VIAGGIO NEL DNA DELLE ORGANIZZAZIONI
Una visione sistemica(r)
Information Resources Management Association - international conference
New Orleans louisiana usa 23 -26 may 2004
Business Process Modelling: a new
Corporate DNA Based Approach
Roberto Paiano, Andrea
Pandurino, Dipartimento Ingegneria
dell’Innovazione Università di Lecce
Via per Arnesano, 73100 Lecce, Italy
Via Cristoforo Colombo 112, 00147 Roma, Italy
Track: Business Process Management Tools and Technologies - Business
process modelling, analysis and design.
A strategic factor
for any company is its
capacity to adapt rapidly to
changing market conditions.
Although the current approach of Organizational Change Management represents a
step forward with respect
to Business Process Reengineering   and
Knowledge Management ,
it does however
suffer from the same problems as its predecessors. This study
illustrates work on a new way of looking
at companies which makes it possible to manage the process of re-engineering in an innovative fashion. All the classic methods are based on the idea that the company
and its behaviours may be compared
to a machine whose evolution and functioning need to be followed;
our studies by contrast see companies as being more similar to adaptive
organisms of a complex type which,
in order to survive, must modify themselves and their behaviour in response to the promptings of the environment or market.
On the basis of this new
approach an industrial research project has been launched whose aim is to define a new business model in company consultancy to capitalize on the experience gained
in other projects; indeed,
utilizing the similarities with living organisms, it is possible to identify the Key elements which make it possible to describe the company - in other words to define its Corporate DNA. The project sets up an infrastructure which allows the
consultation and use of models
DNA), expressed in terms of Key Elements. In such a
system, the consultant is able to make use of a repository of models which constitute his or her company
knowledge. He or she will be able to ”clone” this
knowledge in new but similar
contexts, improving the quality of
the re-engineering since this is based on consolidated models already in use in similar
Process Reengineering, Corporate DNA
INTRODUCTION AND BACKGROUND
With the advent and the affirmation of new Information and Communication technologies, companies must adapt their working processes to the changing requirements of an increasingly competitive market. Both companies and public bodies are obliged to continuously modify and reinvent their organization via expensive BPR projects. Furthermore, they must be able to design, implement and manage organizational change in terms of time to market.
In order to face up to these new demands it is necessary to identify and adopt technological, methodological and organizational solutions able to cope with all the variables at stake.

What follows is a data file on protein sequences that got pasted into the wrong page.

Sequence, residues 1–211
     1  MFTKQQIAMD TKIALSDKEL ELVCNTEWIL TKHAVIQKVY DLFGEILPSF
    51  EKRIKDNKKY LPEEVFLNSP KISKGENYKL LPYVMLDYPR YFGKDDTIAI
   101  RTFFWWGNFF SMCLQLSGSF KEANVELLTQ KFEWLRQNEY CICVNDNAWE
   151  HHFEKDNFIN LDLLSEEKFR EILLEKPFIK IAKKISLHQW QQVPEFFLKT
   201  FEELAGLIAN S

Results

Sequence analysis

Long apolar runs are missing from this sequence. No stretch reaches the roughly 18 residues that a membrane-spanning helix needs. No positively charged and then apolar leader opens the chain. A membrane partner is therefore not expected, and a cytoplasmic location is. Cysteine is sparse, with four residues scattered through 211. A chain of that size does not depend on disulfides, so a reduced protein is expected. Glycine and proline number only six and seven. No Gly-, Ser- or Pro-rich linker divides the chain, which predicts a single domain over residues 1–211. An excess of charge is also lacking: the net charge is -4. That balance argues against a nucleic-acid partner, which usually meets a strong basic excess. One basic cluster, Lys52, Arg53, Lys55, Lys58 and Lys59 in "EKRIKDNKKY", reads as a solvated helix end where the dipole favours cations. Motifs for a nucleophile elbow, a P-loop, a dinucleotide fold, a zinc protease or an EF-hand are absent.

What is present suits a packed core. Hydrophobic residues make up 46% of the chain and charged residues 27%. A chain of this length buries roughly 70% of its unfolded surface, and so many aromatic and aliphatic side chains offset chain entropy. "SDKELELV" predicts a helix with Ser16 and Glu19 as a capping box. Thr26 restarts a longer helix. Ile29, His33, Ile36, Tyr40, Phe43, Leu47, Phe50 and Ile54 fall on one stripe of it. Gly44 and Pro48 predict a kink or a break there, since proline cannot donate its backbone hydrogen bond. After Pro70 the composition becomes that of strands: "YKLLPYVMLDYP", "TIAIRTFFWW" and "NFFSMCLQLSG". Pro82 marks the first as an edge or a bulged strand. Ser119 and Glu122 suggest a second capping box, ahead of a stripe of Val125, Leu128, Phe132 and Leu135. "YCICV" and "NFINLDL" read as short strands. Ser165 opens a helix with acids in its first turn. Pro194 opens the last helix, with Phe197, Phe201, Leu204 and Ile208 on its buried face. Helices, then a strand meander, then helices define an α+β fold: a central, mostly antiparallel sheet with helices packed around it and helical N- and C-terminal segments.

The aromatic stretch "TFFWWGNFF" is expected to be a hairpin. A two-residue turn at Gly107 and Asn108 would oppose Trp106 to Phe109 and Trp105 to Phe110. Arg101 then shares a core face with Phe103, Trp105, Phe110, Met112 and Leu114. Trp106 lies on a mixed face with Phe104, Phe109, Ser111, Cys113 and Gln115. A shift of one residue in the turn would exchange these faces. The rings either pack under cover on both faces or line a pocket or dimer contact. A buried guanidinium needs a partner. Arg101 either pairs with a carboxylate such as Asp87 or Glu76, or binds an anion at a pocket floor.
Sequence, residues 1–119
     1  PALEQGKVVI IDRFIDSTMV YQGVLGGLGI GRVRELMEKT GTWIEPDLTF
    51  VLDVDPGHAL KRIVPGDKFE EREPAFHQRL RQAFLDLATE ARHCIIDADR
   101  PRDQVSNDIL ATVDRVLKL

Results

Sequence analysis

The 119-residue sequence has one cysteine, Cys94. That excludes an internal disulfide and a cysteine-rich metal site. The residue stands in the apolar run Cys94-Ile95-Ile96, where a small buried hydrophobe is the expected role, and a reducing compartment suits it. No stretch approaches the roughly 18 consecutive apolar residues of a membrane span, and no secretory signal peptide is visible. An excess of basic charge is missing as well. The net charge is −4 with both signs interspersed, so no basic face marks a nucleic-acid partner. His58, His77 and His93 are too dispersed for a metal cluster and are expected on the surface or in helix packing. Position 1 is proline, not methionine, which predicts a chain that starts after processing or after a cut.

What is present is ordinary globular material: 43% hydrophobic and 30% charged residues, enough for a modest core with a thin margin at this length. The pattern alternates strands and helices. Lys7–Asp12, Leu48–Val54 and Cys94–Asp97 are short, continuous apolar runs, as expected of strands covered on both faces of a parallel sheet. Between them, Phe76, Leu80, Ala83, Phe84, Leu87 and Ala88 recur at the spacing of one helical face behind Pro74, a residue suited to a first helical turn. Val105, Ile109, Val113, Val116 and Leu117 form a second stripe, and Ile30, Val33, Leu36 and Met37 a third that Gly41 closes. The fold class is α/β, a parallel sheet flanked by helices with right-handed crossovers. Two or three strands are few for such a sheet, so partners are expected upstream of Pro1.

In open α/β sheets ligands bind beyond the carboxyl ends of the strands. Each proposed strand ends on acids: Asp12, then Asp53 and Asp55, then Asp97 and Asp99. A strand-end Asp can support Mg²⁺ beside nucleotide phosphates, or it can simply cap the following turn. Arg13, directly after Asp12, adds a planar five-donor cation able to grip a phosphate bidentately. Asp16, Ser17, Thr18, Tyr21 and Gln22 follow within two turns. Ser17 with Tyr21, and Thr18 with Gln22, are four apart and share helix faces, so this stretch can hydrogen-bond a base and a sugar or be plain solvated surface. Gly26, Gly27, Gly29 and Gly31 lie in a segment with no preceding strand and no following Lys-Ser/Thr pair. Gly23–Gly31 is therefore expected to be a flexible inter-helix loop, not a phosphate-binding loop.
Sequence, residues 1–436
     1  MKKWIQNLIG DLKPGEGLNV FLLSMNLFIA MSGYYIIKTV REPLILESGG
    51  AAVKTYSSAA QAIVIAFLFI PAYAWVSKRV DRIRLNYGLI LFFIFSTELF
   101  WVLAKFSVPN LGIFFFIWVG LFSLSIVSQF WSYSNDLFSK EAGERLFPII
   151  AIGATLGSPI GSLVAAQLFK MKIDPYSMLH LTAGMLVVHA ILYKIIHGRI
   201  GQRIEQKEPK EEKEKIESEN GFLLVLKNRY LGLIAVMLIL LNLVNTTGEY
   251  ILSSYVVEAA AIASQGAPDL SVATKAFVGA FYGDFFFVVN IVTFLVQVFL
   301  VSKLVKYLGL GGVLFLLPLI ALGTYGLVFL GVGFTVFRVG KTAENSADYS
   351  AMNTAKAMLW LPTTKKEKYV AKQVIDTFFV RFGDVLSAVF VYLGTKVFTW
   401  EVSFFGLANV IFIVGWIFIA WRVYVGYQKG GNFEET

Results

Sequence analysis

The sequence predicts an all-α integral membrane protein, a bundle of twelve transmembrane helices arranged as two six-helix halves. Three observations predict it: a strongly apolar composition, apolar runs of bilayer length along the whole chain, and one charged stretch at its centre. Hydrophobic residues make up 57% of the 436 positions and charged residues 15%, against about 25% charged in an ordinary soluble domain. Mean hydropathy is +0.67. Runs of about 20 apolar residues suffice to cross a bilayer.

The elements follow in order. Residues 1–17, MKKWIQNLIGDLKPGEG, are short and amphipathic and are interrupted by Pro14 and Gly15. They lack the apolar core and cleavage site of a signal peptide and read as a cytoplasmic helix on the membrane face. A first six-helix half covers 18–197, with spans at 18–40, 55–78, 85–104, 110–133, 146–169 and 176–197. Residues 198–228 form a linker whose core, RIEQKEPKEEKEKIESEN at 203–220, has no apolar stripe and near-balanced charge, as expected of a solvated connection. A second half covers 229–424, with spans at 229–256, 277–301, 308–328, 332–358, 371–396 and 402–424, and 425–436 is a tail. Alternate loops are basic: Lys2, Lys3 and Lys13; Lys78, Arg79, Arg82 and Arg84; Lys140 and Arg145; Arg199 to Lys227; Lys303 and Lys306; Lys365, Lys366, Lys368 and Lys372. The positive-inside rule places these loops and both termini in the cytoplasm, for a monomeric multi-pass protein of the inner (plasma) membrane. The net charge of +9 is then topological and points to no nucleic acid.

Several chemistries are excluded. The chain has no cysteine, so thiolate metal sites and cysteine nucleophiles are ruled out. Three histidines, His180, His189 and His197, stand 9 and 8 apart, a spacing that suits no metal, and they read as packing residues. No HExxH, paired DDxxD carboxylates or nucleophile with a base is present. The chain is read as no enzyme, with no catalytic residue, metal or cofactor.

Business Process Reengineering (BPR) is being eclipsed by new methodological approaches to the requirements of continuous change in whatever type of organization. A need is clearly emerging for approaches such as Knowledge Management, Knowledge Exchange (which uses Knowledge Management as a basis) and Organization Change Management  to be included in a single methodology, a new way of operating that is indispensable for the planning and management of change and to which Knowledge Exchange leads.
Currently the consultancy firms which operate in the field of company reorganization carry out interviews and produce, in most cases, reports or models of an organizational nature in paper form. Only in a few cases, considered as pilot cases, are graphic systems or design support tools used which prove to be useful for the management of design activities. These are not able however to capitalize on the knowledge generated by the project and to distribute it to all the personnel who will have to work with the new organizational model.
The current preference is for an approach able to integrate all aspects; in this sense, Business Process Reengineering and Knowledge Management represent the evolution of the classic approach, while Organization Change Management can be considered a more truly innovative approach. It enables companies to design their own organization in response to the market or more generally to the context where they operate, according to a continuous cycle which has the aim of designing evolutionary organizational models while managing the organizational model currently in use.
Although all these approaches introduce innovations, they are based on the idea that the company and its behaviours are comparable to those of a machine whose evolution and functioning need to be followed.